Mindfulness interventions for physical and psychological outcomes in cancer patients and caregivers: non-English literature may be lost in translation due to language bias

Daniel A. Nnate*, Sylvester E. Igwe, Ukachukwu O. Abaraogu

*Corresponding author for this work

Research output: Contribution to journalArticlepeer-review

Abstract

• Although mindfulness practices have originated in East Asia including non-English literature in systematic reviews of mindfulness interventions for cancer care will enable researchers to explore its application in various cultural contexts.
• A systematic analysis of online bibliographic databases: AMED, Embase, CINHAL, LILACS, MEDLINE, ProQuest Central, PsycINFO, PsycArticles and WoS revealed that non-English literature accounted for 2.72% of original research papers on mindfulness where no language restriction was applied.
• This suggests that the exclusion of non-English literature in systematic reviews on mindfulness interventions for cancer care may not lead to a biased effect size if a search is restricted to articles indexed in an English language-specific database.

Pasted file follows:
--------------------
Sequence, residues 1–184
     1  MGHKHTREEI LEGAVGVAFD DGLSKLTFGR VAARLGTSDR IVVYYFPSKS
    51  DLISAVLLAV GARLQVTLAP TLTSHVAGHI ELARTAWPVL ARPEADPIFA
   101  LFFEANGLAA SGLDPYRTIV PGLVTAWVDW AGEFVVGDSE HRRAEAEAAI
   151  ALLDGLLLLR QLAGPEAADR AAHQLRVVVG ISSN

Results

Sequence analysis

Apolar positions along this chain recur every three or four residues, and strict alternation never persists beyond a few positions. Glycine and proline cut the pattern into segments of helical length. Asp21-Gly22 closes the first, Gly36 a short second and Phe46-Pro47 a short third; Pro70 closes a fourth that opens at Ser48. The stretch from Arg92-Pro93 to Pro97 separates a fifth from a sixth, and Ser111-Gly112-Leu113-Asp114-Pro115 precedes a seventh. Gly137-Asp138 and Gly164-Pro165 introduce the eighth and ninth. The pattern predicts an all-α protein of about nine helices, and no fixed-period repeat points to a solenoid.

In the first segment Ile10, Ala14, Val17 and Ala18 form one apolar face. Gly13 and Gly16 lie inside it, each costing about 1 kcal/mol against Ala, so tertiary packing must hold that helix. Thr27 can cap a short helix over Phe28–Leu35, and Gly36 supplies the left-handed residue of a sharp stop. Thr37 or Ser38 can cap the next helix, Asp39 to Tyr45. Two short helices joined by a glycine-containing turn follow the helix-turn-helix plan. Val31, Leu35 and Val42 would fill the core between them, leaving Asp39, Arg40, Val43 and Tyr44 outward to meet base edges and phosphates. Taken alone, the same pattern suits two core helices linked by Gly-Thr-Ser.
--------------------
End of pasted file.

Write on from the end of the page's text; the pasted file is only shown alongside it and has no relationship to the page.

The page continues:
• In comparison, an exploratory analysis of the China National Knowledge Infrastructure (CNKI) database revealed a higher percentage, up to 19.2% of indexed non-English language literature.
• We caution that results of systematic reviews of mindfulness interventions that exclude non-English databases may still constitute a biased generalisability because most literature published in non-English journals are not indexed in major research databases.
Original languageEnglish
Number of pages12
JournalPsycho-Oncology
Early online date5 Jul 2021
DOIs
Publication statusE-pub ahead of print - 5 Jul 2021

Keywords

  • bibliometric data analysis
  • cancer
  • language bias
  • mindfulness
  • non-English literature
  • psycho-oncology
  • supportive care
  • systematic review

Fingerprint

Dive into the research topics of 'Mindfulness interventions for physical and psychological outcomes in cancer patients and caregivers: non-English literature may be lost in translation due to language bias'. Together they form a unique fingerprint.

Cite this